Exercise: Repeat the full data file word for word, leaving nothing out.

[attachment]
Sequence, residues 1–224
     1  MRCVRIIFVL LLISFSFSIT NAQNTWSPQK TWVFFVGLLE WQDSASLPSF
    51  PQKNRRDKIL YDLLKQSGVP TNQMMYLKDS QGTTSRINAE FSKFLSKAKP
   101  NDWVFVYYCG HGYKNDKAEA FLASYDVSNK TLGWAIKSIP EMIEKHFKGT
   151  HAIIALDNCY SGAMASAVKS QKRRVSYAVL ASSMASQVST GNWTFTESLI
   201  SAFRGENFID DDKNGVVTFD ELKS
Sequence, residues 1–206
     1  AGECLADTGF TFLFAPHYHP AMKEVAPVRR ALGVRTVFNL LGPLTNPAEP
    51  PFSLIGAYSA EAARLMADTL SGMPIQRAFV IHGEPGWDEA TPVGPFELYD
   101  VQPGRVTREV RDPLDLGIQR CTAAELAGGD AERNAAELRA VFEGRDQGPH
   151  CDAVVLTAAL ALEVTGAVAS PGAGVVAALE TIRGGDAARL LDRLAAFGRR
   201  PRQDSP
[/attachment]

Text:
Sequence, residues 1–224
     1  MRCVRIIFVL LLISFSFSIT NAQNTWSPQK TWVFFVGLLE WQDSASLPSF
    51  PQKNRRDKIL YDLLKQSGVP TNQMMYLKDS QGTTSRINAE FSKFLSKAKP
   101  NDWVFVYYCG HGYKNDKAEA FLASYDVSNK TLGWAIKSIP EMIEKHFKGT
   151  HAIIALDNCY SGAMASAVKS QKRRVSYAVL ASSMASQVST GNWTFTESLI
   201  SAFRGENFID DDKNGVVTFD ELKS
Sequence, residues 1–206
     1  AGECLADTGF TFLFAPHYHP AMKEVAPVRR ALGVRTVFNL LGPLTNPAEP
    51  PFSLIGAYSA EAARLMADTL SGMPIQRAFV IHGEPGWDEA TPVGPFELYD
   101  VQPGRVTREV RDPLDLGIQR CTAAELAGGD AERNAAELRA VFEGRDQGPH
   151  CDAVVLTAAL ALEVTGAVAS PGAGVVAALE TIRGGDAARL LDRLAAFGRR
   201  PRQDSP